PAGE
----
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The Brazilian Horror

“Never have I seen such a tragedy”, affirmed the physicist Jose Rosenthal of CNEN (the Brazilian Nuclear Energy Commission), referring to the spread of radioactive cesium- 137 in the central Brazilian town of Goiama. The accident involves approximately 100 gms. of Cs 137, ‘an amount similar to the total Cs fallout on the whole of West Germany following the Chernobyl disaster) and has already claimed 4 lives with 40 more hospitalized of whom many are not expected to survive.

In Brazil workers are legally required to provide their employers with X-ray photographs of their lungs. This has led to the proliferation of private radiological clinics set up by people with lot of money and no scruples. The cesium in powdered form was contained in a lead box found by some men in an abandoned radiology clinic. They sold the lead cask to a scrap metal dealer who opened it. Reports say that people present were fascinated by the luminosity of cesium
and started, playin with it. Maria Gabriella, the 6 year old daughter of the scrap metal dealer rubbed the powder all over her body and paid for her innocent, exuberance with her life.

The powder has contaminated a whole neighbourhood.  People   took   the glittering powder home to show it to their family and friends. When the horrible symptoms started appearing they tried to wash it all off thus contaminating the water drains. Then panic gripped the city. Its one million citizens became national pariahs. 30,000 people visited control posts in a ten day period,
Business in the city fell by over 60%. Not many people wanted to buy food or clothing for the fear of contamination. Many abandoned their homes. People had to produce certificates from the CNEN testifying their radioactive ‘cleanliness’.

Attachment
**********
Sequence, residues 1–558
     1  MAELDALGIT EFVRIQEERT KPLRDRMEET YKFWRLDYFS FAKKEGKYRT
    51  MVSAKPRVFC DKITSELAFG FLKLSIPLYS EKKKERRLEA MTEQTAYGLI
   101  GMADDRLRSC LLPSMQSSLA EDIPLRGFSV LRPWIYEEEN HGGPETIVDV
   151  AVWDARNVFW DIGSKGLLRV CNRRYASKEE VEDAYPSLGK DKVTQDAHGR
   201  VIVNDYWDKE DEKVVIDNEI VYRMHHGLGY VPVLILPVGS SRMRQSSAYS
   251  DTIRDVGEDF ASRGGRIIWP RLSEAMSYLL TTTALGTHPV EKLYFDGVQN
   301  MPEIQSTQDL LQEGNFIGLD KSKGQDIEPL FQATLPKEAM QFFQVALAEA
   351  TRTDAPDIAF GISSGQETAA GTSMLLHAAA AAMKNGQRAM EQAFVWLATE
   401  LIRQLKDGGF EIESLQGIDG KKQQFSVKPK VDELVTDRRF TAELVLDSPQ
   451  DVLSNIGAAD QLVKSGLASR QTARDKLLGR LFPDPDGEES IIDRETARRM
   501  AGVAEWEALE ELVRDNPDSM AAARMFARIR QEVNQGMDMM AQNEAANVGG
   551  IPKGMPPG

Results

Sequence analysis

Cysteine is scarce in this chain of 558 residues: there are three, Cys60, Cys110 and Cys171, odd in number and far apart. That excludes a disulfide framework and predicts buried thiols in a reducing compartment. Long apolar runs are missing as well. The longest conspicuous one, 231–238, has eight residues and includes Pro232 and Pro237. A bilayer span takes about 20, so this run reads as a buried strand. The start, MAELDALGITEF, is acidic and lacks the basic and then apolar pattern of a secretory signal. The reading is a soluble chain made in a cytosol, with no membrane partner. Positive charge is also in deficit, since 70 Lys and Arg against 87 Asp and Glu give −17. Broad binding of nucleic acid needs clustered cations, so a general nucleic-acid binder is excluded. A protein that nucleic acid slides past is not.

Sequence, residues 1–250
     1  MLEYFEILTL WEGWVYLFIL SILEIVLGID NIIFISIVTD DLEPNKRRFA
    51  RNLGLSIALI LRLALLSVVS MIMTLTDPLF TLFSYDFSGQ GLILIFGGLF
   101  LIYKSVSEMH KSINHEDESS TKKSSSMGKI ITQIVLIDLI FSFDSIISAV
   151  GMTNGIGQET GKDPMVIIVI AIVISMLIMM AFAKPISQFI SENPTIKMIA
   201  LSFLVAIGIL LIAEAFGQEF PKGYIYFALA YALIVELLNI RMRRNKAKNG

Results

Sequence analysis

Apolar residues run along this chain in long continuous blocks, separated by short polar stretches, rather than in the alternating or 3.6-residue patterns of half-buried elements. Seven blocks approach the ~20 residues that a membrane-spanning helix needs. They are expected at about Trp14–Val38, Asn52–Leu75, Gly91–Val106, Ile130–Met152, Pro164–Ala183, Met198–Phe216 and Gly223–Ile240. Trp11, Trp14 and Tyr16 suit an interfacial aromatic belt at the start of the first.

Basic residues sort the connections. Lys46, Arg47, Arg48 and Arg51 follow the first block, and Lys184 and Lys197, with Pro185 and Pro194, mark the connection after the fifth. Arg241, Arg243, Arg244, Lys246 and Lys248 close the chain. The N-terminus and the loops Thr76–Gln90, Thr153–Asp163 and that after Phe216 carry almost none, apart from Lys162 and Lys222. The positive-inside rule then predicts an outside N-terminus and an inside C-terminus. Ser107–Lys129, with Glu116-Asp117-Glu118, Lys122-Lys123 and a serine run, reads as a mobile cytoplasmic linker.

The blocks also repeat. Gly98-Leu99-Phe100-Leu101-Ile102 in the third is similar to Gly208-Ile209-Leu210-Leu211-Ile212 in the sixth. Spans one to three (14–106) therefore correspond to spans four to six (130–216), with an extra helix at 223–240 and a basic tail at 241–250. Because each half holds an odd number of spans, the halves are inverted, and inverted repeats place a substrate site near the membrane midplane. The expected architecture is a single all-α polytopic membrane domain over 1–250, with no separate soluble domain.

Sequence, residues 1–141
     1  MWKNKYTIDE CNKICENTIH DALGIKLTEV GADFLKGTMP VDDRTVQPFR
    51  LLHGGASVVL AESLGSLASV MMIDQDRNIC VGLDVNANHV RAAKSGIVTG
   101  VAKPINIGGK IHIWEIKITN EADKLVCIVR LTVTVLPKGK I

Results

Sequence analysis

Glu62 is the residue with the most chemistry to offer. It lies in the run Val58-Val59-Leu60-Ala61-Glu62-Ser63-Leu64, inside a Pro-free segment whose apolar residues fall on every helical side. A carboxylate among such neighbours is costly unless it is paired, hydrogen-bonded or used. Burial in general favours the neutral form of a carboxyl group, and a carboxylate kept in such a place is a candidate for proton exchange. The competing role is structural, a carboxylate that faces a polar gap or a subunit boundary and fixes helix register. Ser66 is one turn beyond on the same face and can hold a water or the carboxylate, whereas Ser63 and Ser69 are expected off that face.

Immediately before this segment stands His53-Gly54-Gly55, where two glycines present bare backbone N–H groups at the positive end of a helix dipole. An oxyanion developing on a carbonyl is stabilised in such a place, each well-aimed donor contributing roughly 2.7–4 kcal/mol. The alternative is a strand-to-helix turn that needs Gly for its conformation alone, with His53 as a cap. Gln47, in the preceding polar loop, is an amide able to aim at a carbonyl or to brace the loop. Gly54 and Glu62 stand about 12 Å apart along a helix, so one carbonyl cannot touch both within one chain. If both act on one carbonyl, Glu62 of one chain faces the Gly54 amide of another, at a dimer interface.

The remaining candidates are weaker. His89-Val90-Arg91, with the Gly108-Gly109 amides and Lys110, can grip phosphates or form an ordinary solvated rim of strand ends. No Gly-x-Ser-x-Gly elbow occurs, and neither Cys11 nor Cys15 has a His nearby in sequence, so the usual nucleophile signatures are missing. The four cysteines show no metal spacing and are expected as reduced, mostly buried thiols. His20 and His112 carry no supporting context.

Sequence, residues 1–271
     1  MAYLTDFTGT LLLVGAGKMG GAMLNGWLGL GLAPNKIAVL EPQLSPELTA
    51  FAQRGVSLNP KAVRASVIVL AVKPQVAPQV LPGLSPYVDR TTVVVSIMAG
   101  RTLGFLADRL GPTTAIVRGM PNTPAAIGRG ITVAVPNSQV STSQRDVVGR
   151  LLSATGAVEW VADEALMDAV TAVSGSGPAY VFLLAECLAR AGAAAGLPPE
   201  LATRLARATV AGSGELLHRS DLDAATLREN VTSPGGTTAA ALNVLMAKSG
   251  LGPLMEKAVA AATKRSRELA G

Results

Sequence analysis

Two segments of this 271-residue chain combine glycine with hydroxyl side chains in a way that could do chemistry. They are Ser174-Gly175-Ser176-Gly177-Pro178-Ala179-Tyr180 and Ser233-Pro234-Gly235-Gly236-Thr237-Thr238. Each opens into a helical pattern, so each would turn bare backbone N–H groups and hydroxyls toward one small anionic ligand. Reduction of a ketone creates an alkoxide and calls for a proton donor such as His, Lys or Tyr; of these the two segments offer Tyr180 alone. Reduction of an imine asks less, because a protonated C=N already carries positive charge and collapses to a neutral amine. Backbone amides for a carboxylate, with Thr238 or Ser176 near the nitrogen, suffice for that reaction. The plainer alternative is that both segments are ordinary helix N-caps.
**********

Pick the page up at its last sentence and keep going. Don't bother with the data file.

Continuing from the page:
The tragedy has highlighted the total confusion and un preparedness of the authorities.
When news of the accident became known, 42 technicians from CNEN travelled to Goiania,
where many of them worked without proper protective clothing. The machines brought for measuring radioactivity quickly broke down, the measurements were inaccurate and one technician as well as four policemen were contaminated. The patients were transfered in ordinary ambulances which were used without decontamination for days. The hospitals did not have enough disposable clothing nor isolated rooms for the victims. At least two nurses and one doctor were also contaminated.

The problem of what to do with the radioactive waste has not yet been solved. The football stadium where the victims were first brought for checks needs to be decontaminated
There were suggestions that it be washed and the grass burnt. Unfortunately radioacctivity cannot be got rid of so easily : The water will run into the sewer system and fire will make the radioactive particles airbourne spreading contamination far and wide. Cesium has a half life of thirty years and thus contaminated material can remain a threat for hundreds of years. It is for this reason that the residents of the city do not want burial of the accident victims in the city cemetry though they have been placed in coffins with layers of lead and concrete each  weighing 600 kg.

Source : WISE   news   communique 281.2428;   282.2843
The Telegraph : 4.11.’87

 Anumukti Vol. 1. Issue 3

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